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Technology FCC approves Amazon’s internet-from-space Kuiper constellation of 3,236 satellites

02:12  31 july  2020
02:12  31 july  2020 Source:   theverge.com

SpaceX's latest batch of internet satellites includes one with a sun shield

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The FCC declared on Thursday that Amazon may build its ambitious satellite internet system, which would compete with SpaceX's Starlink network. Amazon ' s project, known as Kuiper , would see the company launch 3 , 236 satellites into low Earth orbit. Morgan Stanley has declared that Kuiper has

Amazon fired its latest volley today in a debate over whether the company can proceed in an expedited fashion with its Project Kuiper mega- constellation for broadband internet access.

The Federal Communications Commission has approved Amazon’s plans for its ambitious Kuiper constellation, which entails sending 3,236 satellites into orbit to beam internet coverage down to Earth. The decision is a crucial regulatory step that paves the way for Amazon to start launching the satellites when they’re ready.

An artistic rendering of a satellite in orbit © Illustration by Alex Castro / The Verge An artistic rendering of a satellite in orbit

The company plans to send the satellites to three different altitudes, and it claims it needs just 578 satellites in orbit to begin service, according to an FCC document announcing the approval. Amazon has not announced which launch provider it plans to use to fly the satellites into orbit yet. While Amazon CEO Jeff Bezos also owns the rocket company Blue Origin, the launch provider will have to compete to launch the satellites along with other companies.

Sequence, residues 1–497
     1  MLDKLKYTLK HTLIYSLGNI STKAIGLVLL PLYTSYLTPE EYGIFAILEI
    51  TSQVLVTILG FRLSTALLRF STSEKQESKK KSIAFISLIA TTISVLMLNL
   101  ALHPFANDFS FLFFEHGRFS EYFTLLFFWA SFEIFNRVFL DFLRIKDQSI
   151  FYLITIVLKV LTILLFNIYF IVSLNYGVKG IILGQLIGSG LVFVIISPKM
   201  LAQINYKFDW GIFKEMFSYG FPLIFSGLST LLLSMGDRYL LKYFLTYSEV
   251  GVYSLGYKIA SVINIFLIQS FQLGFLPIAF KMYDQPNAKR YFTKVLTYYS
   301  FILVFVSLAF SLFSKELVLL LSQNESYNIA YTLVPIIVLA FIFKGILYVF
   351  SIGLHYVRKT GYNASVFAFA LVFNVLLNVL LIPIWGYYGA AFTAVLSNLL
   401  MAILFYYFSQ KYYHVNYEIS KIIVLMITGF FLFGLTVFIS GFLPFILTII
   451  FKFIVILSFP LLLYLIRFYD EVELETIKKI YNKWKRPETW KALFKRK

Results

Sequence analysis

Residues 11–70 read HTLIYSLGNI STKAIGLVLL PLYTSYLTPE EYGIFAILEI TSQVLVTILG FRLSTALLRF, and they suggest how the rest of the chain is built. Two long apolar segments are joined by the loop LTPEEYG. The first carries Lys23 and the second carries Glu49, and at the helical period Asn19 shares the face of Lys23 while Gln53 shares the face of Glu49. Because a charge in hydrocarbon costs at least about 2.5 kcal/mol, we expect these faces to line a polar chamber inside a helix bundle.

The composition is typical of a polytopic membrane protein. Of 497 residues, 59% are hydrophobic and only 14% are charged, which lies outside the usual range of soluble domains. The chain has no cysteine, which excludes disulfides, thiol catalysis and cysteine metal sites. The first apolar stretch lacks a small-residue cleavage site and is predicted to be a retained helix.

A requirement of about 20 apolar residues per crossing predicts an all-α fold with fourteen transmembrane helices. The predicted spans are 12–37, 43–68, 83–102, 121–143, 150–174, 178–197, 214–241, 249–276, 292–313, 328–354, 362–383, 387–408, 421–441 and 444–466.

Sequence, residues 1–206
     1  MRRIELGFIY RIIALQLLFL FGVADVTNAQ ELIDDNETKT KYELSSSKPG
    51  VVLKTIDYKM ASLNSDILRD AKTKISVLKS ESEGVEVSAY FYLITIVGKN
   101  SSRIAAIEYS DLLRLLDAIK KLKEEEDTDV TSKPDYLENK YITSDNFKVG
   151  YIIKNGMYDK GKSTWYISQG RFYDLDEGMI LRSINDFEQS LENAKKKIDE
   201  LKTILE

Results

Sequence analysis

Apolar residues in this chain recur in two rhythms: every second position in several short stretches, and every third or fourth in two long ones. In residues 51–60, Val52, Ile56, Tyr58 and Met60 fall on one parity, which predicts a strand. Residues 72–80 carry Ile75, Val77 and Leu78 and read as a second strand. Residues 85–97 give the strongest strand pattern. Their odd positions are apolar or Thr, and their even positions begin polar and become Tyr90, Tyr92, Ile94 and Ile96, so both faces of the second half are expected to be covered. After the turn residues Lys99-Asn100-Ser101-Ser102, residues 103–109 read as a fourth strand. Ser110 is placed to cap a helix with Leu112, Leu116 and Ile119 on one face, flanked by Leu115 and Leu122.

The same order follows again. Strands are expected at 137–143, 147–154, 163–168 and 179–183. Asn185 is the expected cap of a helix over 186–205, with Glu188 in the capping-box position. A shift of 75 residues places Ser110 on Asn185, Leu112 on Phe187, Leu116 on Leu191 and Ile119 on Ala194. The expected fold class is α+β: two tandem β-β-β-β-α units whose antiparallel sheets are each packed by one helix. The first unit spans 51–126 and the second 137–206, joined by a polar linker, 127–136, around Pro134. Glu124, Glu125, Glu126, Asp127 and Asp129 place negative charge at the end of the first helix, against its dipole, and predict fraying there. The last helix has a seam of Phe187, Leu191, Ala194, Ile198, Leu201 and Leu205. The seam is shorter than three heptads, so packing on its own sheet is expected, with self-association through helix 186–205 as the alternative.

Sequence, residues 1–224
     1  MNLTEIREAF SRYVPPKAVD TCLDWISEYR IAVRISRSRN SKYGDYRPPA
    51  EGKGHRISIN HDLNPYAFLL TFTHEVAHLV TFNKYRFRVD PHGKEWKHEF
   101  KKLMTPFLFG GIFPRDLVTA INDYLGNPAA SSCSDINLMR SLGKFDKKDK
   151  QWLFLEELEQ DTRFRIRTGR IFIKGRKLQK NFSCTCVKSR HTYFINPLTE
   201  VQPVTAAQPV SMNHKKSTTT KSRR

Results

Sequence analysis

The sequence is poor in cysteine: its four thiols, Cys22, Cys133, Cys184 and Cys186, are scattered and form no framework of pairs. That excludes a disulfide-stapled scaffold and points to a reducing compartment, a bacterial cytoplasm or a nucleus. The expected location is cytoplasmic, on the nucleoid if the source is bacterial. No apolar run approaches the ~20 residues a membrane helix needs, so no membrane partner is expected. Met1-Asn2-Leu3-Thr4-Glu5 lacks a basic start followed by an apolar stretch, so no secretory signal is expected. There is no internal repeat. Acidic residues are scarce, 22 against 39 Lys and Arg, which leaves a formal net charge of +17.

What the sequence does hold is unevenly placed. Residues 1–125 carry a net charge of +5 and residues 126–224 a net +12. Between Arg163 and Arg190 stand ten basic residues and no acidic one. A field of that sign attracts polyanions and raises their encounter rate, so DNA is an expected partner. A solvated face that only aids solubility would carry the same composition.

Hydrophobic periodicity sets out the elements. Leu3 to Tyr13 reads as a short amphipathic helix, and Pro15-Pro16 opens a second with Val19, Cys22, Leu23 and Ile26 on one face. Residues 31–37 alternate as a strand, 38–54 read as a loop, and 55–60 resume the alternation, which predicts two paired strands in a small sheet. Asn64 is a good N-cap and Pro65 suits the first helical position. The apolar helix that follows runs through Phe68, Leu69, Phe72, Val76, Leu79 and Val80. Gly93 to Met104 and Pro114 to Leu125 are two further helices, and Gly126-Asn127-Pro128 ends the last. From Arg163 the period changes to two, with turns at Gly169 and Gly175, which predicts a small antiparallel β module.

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Amazon is seeking FCC approval of its Project Kuiper satellite broadband venture, and referring to potential synergies with On Thursday, Amazon ’ s wholly owned Kuiper Systems subsidiary followed up with a fresh set of FCC filings. The filings confirm that the project would consist of 3 , 236 satellites

Amazon to offer broadband access from orbit with 3 , 236 - satellite ‘Project Kuiper ’ constellation . “Project Kuiper is a new initiative to launch a constellation of low Earth orbit satellites that will provide low-latency, high-speed broadband connectivity to unserved and underserved communities around

The company must launch half of the constellation by 2026

There are few caveats to Amazon’s FCC approval. The company must launch half of the constellation by 2026 to retain its FCC license, and then the remaining satellites by 2029. Amazon also must submit to the FCC a finalized plan for how it will mitigate orbital debris, since the design of its satellites aren’t finalized yet. Amazon claims it will take its satellites out of orbit within 355 days, but the FCC argues the company didn’t “present specific information concerning some required elements” for its debris plan. A big concern of a constellation of this size is that the influx of satellites will lead to more collisions in space, creating pieces of debris that could threaten other satellites.